1. October 19, 2017 / 11:11 am

    How can it be 20 years?! #old. Looks really interesting, I think Mark would love it – as the HP fan in our house.

    • Catherine
      October 19, 2017 / 11:15 am

      I know, almost as bad as the Great Stirm being 30 years ago!

  2. October 21, 2017 / 9:48 am

    This is SO COOL! Ugh I wish I lived in London, I’m down for anything that celebrates Harry Potter!

    • Catherine
      October 21, 2017 / 10:01 am

      Twenty libraries across the UK are having mini displays based on the British Library show

  3. October 21, 2017 / 10:50 am

    This made me feel so old…! I remember reading these books while I was the same age as Harry, that’s when they were being published in Spain. I cannot believe its’ been already 20 years…!

  4. October 21, 2017 / 6:54 pm

    Wow I can’t believe it is 20 years old! I remember reading the first books. How cool.

  5. October 22, 2017 / 4:28 am

    Hard to believe it’s been 20 years (I was 14!) since I read the first book! Holy moly. Have you been to Wizarding World at either of the Universal parks? It’s out of this world!

    • Catherine
      October 22, 2017 / 7:40 am

      I haven’t been to Universal but have been to the studio tour in London

  6. October 23, 2017 / 9:54 am

    I’m looking forward to seeing this in January!

    • Catherine
      October 23, 2017 / 4:04 pm

      Now that is thinking ahead!

  7. October 24, 2017 / 9:27 am

    Wooow, that exhibition looks so cool. I absolutely looove Harry Potter. Need to book tickets asap! #CityTripping

  8. October 24, 2017 / 2:25 pm

    Oh wow! This is fantastic. I so wish I lived closer. Would have loved to go! (Can’t believe it’s 20 years already. Makes me feel so old, ha ha!) #citytripping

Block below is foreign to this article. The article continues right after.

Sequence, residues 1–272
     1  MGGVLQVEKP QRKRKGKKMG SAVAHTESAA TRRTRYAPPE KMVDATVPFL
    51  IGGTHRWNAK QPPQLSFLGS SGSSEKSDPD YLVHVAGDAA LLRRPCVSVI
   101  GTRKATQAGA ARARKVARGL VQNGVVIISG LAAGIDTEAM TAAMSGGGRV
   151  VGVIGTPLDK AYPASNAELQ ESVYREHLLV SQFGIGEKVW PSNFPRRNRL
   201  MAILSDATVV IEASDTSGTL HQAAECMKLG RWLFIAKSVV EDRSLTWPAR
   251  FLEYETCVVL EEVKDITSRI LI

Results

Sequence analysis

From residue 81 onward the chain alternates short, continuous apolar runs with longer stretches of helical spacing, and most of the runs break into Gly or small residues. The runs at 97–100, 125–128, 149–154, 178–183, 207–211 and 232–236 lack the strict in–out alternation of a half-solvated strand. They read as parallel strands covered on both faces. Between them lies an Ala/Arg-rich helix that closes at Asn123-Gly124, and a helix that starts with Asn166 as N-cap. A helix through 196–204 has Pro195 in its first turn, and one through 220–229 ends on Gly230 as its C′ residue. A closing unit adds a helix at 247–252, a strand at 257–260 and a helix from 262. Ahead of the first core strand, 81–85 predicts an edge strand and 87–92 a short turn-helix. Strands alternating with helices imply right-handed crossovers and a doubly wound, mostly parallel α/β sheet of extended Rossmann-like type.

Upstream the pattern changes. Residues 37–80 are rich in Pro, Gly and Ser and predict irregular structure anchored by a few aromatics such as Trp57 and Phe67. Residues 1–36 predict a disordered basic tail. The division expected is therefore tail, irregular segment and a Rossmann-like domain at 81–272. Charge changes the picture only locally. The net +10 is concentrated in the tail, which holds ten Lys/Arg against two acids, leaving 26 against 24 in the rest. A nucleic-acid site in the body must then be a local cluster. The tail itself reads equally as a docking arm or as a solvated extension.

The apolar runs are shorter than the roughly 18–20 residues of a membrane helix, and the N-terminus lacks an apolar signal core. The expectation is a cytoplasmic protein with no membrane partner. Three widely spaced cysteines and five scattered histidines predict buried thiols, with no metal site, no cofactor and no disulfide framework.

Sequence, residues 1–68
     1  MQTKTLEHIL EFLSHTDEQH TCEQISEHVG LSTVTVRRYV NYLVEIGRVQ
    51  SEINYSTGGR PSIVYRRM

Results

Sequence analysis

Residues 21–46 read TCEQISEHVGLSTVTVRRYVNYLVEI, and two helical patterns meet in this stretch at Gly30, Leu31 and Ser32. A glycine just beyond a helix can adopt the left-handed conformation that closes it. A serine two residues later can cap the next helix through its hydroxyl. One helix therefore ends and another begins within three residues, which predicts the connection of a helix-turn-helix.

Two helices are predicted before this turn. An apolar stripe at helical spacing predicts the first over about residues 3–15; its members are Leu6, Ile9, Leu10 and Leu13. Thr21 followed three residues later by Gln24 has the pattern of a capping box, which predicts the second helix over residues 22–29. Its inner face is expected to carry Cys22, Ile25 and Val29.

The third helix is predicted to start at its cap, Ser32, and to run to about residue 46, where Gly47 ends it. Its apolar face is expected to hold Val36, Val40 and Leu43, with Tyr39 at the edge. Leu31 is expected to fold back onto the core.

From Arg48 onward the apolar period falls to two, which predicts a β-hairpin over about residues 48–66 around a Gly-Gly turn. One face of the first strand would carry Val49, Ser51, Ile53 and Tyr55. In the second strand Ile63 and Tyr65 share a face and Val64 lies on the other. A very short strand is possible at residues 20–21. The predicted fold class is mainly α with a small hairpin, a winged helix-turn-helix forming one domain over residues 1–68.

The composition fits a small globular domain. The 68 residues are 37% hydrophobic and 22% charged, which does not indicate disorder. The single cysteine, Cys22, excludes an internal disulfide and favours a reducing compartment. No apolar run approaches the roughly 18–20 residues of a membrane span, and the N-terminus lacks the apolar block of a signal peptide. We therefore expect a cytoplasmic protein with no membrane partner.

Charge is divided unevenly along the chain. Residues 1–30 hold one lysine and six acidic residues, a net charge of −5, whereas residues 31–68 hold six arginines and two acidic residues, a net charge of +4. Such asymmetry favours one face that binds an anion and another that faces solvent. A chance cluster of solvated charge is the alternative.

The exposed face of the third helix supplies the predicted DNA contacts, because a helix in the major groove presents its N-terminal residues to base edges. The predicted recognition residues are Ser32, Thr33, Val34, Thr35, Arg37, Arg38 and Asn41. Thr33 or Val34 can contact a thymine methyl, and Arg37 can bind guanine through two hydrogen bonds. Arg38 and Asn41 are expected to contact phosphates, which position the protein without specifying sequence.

9. October 24, 2017 / 6:00 pm

    This is a must for Potter fans! What a fascinating exhibition. I read the first three books but then the films started catching me up so didn’t end up reading the rest. No doubt I’ll pick them up again when the daughters start reading them. Thanks for linking #citytripping

  10. October 25, 2017 / 4:15 pm

    Oh gosh you’re making me feel old. I worked in a book shop during a few of the Harry Potter releases (thankfully not quite yet for The Philosopher’s Stone) but I remember them being nightmarishly busy days. With people rushing in from all directions for the books. I love all things Harry Potter and I wish I was in London for this exhibition! #CityTripping

    • Catherine
      October 25, 2017 / 5:13 pm

      Amazing to read a new book and see it become a classic!

  11. October 25, 2017 / 4:58 pm

    The world has gone Harry Potter mad and I must admit I’m not a massive fan but even I would find this exhibition interesting! I love how they’ve pulled in all these interesting pieces of history. High Five to the British Library for getting in on the act! #citytripping

    • Catherine
      October 25, 2017 / 5:12 pm

      British Library exhibitions are always really interesting

  12. October 26, 2017 / 4:24 am

    Yay, this looks fantastic, and lucky us we’ve secured tickets for this coming December! Can’t wait! #citytripping